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Is it possible to assign Shift + Tab to the control key on the right?

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You know how you're on an Open/Save Dialog box? And you need to navigate backwards? That's shift+tab. I found when I was using Windows that remapping the right control key to shift+tab I was far more likely to use the keyboard to navigate through fields. –  begtognen Oct 17 '10 at 12:53
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up vote 5 down vote accepted

In X11 jargon, the name for a key is called its keysym (short for: key symbol). The keysym generated by Shift+Tab is ISO_Left_Tab. So, in theory, one could just assign the ISO_Left_Tab keysym to any key (which you can do with the command xmodmap) and this would do the trick.

Unfortunately, some applications (for instance: Firefox) explicitly look for the Shift keypress, and this breaks it, because you cannot assign two keysyms (Shift and Tab) to one single key.

Fortunately, Roger Pate's answer to this AskUbuntu question provides a way around it: bind a shortcut to a program that will simulate the simultaneous pressing of Shift and Tab.

  1. Install the xvkbd package

  2. From the System->Preferences->Keyboard shortcuts menu, create a new shortcut, name it e.g. "Shift+Tab" and insert the following command:

    sh -c "xvkbd -text '\S\[ISO_Left_Tab]'"
    

    The purpose of this command is just to send a virtual Shift+Tab keystroke to the currently focused window. (Consult the xvbkd man page for more information.)

  3. Bind this shortcut to any key you want. Note that, to bind a shortcut to a modifier key (i.e., one that is only meaningful in combination with another key, for instance Shift or Alt) you need to deprive it of its modifier status. For example, before binding right-Control, you need to issue this command in a terminal:

    xmodmap -e 'remove control = Control_R'
    

    (See this other AskUbuntu question for another way to bind modifier keys.)

    Note: the xmodmap line above will only have effect until next reboot/logout. To make it persistent, you would have to either put that line into the ~/.gnomerc file, or add remove control = Control_R to the ~/.Xmodmap file.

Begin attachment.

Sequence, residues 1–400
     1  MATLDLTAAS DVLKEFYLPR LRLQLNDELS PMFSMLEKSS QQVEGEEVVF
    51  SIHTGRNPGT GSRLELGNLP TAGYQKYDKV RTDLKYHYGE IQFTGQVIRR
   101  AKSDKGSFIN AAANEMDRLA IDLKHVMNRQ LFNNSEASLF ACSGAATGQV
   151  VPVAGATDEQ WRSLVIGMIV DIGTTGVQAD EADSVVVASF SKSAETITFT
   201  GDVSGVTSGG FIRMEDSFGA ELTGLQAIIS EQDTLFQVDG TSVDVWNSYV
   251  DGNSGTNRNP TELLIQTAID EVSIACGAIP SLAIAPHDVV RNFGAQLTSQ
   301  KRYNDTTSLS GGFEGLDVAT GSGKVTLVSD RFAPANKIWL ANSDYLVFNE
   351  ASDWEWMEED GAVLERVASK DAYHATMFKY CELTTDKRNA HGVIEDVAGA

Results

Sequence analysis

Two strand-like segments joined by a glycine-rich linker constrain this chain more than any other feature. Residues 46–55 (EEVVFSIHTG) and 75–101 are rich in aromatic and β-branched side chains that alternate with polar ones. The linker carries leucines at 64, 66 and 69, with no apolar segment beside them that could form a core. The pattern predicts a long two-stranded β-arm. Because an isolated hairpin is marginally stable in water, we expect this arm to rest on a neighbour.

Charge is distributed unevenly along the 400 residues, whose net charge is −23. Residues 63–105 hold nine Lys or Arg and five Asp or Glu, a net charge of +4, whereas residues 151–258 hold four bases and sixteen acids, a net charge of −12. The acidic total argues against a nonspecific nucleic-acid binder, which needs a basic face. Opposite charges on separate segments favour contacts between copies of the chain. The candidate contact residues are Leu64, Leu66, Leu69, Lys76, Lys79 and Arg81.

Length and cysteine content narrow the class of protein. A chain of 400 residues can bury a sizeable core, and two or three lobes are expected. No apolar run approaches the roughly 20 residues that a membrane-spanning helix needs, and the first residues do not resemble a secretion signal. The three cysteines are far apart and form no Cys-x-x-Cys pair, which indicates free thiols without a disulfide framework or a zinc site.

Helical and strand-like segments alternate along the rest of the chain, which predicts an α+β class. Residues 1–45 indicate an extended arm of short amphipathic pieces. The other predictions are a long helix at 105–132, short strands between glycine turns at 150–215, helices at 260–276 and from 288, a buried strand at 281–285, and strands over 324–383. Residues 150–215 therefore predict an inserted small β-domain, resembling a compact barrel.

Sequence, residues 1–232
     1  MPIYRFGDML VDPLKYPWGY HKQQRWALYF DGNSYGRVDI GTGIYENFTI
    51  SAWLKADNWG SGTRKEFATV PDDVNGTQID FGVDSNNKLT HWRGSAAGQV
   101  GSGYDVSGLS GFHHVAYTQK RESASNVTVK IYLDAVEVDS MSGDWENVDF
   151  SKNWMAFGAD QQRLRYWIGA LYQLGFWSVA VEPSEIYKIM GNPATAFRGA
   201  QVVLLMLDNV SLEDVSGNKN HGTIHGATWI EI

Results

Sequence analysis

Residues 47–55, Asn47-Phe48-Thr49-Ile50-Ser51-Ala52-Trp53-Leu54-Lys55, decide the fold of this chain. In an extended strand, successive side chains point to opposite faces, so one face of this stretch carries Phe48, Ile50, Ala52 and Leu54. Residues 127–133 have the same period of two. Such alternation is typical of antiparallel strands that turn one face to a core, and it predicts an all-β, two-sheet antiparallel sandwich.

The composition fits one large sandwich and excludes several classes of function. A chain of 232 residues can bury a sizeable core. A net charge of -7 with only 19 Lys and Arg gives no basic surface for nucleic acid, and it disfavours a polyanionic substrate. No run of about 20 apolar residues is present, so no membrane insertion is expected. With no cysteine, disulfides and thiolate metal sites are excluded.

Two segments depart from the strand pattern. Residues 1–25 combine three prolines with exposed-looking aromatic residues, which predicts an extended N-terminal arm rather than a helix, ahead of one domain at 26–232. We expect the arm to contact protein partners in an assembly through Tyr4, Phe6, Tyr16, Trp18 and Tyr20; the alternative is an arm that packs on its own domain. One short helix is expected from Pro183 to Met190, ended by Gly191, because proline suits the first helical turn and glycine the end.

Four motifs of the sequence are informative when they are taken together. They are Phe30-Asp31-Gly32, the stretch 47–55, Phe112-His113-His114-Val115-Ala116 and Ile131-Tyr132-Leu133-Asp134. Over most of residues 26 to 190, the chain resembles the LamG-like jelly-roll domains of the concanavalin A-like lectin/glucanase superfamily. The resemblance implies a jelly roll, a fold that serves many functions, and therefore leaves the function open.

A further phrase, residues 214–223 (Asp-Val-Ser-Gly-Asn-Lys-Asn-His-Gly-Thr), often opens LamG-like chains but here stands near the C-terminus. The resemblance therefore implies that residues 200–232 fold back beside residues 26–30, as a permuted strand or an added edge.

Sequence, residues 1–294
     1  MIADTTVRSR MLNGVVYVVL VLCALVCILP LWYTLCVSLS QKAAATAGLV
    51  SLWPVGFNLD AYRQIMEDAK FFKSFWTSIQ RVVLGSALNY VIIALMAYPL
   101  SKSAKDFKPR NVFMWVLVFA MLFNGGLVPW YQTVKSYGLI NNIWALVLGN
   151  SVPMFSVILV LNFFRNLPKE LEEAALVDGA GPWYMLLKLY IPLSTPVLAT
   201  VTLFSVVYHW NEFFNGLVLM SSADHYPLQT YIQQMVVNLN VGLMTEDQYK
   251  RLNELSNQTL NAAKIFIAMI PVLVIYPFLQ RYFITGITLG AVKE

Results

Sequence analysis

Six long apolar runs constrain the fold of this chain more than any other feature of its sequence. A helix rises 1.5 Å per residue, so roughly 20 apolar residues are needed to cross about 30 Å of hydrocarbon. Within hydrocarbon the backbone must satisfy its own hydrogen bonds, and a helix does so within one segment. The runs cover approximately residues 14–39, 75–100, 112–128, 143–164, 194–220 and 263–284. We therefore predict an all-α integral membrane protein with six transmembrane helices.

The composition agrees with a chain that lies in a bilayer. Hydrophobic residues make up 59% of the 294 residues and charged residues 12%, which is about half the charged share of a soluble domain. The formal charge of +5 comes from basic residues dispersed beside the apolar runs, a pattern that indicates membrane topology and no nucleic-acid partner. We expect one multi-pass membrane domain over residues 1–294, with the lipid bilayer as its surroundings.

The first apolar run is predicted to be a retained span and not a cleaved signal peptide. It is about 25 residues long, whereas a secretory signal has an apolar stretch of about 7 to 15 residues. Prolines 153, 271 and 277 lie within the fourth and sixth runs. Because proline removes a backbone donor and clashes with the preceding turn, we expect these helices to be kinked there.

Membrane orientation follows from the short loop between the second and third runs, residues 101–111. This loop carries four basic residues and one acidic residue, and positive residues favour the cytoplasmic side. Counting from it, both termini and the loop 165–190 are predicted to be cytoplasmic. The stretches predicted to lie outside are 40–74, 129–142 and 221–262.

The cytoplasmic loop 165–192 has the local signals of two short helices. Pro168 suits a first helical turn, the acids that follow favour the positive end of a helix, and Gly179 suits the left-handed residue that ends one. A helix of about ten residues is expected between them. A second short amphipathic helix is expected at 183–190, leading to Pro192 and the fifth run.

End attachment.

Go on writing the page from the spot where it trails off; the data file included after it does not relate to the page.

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Thanks so much for your help. I did follow the instructions, but strangely it only worked once, then stopped altogether. Control_R is definitely stripped of its modifier status, so I'm at a bit of a loss. (Could this have something to do with having Autokey installed?) –  begtognen Oct 19 '10 at 9:41
    
@begtognen I do not know much about Autokey, so I cannot help there. However, the xmodmap line that I pasted will only last until next reboot/logout. To make it persistent, you would have to either put that line into the ~/.gnomerc file, or add remove control = Control_R to the ~/.Xmodmap file. –  Riccardo Murri Oct 19 '10 at 9:43
    
Oops! Sorry, I wasn't very clear - I meant that it literally worked one time, then never worked again. Not that I restarted the computer, but that it worked once, then I immediately tried it again, and no luck. –  begtognen Oct 23 '10 at 10:54
    
@begtognen Does it work consistently, if you bind it to a different, non-modifier key? E.g., Pause –  Riccardo Murri Oct 23 '10 at 11:24
    
I tried binding it to a few different non-modifier keys. While I couldn't get it to even work once, oddly I did see that something was happening: the field I was in would flash whenever I hit the keyboard shortcut. –  begtognen Oct 26 '10 at 10:38
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